In the End, NaNoWriMo Is Really Just a Number

I looked at numbers today, for the first time since Sunday. My document total is up to 42,000, which means I’ve put in about 20,000 new words this month (and actually probably more than that, since I’ve overwritten some of the original 22,000 that were notes or brief scene snippets, and somewhere along the line I just stopped keeping track of how many words I was deleting).  I might still be able to pull out a total of 50K new words this month, though at this point the odds of that are dropping exponentially with each passing day, a likelihood heightened by the demotivating realization that those 50,000 words are not going to be enough to finish the story at the current narrative pace…not nearly. My forward progress is up to 30,000, making this the longest story I’ve written yet*.  I am about 2/5 of the way through my outline, which means my original projection of a 60,000 word novel was short by about 15,000 words. 

This comparison of word count progress to actual outline progress is a little bit disheartening, because I would really like to “cross the finish line” as it were and actually be, you know, finished.  Instead the goal of 50K in a month has become an arbitrary number. An impressive statistic, sure, and inspiring in the sense that it is a huge leap forward and a proof of my ability to grind out words on a longer story than I have yet written*…but ultimately it will not represent finishing this story, only making a really good start on it.  And yes, yes, well begun is half-done and all that, but I’m a bit disappointed. And anxious, because I know so much of what I’ve written is not, well, good.  I mean, the words aren’t bad, and probably the stringing of them together isn’t bad, but…it’s not that good, either.  It’s not the best that I can do. I am going to have to revise the hell out of this book to get it into publishable shape. Basically, this time out, I’m having to write out the story in order to figure out what I even want to say for most of it.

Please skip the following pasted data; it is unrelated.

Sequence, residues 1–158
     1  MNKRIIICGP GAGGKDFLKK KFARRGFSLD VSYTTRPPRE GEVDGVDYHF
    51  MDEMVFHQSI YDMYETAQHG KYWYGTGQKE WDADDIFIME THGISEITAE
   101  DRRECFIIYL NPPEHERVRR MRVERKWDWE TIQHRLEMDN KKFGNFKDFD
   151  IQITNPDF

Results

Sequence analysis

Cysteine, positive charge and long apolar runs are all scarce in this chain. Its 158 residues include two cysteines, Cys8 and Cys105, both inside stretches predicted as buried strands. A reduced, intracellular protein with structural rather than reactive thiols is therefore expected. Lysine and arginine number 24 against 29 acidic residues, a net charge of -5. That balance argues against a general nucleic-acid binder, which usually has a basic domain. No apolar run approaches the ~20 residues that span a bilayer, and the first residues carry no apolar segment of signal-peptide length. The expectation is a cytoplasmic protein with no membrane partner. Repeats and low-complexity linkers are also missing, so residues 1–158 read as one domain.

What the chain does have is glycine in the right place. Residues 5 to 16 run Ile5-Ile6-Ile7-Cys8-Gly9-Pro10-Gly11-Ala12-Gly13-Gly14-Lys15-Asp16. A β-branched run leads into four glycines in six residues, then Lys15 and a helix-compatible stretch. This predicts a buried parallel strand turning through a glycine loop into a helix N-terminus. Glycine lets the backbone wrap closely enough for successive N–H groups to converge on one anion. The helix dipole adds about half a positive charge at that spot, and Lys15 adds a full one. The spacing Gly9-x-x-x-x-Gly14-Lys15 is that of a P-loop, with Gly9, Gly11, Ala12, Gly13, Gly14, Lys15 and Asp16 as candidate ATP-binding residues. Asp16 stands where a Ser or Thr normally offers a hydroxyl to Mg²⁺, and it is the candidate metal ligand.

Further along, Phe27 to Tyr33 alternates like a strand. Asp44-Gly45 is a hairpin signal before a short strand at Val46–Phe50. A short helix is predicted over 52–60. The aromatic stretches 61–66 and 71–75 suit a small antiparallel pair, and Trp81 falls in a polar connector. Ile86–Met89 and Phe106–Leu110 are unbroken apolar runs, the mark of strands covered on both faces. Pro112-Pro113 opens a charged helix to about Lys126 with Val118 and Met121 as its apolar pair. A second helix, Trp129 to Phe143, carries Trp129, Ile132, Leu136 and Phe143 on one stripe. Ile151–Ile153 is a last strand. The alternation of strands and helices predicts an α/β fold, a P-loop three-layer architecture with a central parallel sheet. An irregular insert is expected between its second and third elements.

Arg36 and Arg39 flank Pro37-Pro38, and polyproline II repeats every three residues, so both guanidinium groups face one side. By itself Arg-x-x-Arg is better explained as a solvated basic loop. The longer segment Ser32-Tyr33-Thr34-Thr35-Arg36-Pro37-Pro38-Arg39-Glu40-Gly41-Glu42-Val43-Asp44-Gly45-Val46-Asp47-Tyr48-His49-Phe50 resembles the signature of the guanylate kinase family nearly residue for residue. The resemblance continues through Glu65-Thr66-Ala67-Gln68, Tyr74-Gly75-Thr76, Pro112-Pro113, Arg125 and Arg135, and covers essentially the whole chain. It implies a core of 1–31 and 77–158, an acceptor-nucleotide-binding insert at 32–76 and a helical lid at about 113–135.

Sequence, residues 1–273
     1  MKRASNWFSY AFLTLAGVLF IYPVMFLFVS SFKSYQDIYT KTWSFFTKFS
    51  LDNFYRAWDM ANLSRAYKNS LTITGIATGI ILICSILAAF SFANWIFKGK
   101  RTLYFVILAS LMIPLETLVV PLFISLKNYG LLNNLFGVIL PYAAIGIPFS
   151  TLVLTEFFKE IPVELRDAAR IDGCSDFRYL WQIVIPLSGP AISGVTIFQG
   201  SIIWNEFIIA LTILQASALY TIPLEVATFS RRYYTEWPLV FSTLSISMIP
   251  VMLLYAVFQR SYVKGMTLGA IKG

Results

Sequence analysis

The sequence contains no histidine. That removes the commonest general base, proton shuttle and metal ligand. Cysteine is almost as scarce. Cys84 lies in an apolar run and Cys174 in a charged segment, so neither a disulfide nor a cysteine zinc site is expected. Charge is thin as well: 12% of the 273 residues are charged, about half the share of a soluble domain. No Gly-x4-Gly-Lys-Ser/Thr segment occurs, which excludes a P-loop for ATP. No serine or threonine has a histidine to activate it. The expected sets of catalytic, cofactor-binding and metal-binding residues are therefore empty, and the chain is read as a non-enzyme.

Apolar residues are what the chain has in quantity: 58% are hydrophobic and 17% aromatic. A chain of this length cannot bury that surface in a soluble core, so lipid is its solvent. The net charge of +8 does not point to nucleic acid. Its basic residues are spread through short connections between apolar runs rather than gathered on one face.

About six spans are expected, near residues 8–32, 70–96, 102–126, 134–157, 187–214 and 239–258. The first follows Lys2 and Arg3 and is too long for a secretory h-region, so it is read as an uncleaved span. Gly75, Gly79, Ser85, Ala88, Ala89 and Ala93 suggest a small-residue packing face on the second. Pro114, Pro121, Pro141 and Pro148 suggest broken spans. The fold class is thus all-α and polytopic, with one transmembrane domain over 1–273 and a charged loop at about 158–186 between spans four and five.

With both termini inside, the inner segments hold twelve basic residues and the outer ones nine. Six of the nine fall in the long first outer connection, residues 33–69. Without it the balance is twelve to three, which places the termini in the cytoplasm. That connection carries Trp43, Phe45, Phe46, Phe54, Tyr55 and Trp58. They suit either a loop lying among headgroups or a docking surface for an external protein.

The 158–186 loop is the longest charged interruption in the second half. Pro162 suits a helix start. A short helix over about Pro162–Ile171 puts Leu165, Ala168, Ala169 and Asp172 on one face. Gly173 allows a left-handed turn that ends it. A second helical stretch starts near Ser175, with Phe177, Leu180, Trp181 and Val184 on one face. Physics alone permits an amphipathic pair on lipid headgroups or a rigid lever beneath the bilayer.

Stop laughing.  All of you who normally write this way and are wondering “and this comes as a distressing surprise because…?” can just stop laughing, right now. This situation is a first for me. The other stories I’ve written have not required extensive revision. I don’t just think this is a difference between how I view my writing now versus how I viewed it six months ago, or in the case of some of my first short stories, a year ago. Because I recently re-read one of the shorts (for fun) and then a few scenes from my Twelfth Night novellas (for some quick fact-checking), and I did not find myself revising any of it as I went. So whatever changes my writer goggles have undergone in the last year have not been so significant that they have changed my perception of my own work.

I think it’s more that a novel is simply too big to hold in my mind.  My Twelfth Night novellas were both small stories–one night, and one story.  The only plot threads that could have been secondary to the main one all fed into the main plot of the other story. Those pieces were easy to keep track of, easy to sort of get a bird’s eye view on and keep everything paced evenly and full of emotional punch.

But with a full novel?  A story that has several different tensions running through it and influencing the characters’ perspectives and choices, a story that takes place over the course of a couple months and involves significantly more than simply the hero and heroine figuring out their own hearts?  If I back up far enough to get a bird’s eye view of the whole, I completely lose any sense of the details at all.  It’s just too much to hold in my head.  And so I have to get it down, have all of it laid out in front of me, to even begin to figure out how I need to relate the different elements to one another, and where I’m getting way too caught up in the trivial details and where those minutiae actually matter.  It’s just…hard, to realize that I’m going to have to raze entire scenes and possibly sections from the ground up…to take the words that I extracted on a forced death march across the wastelands of Uninspiredium and write over them with new words that say the same thing, only better.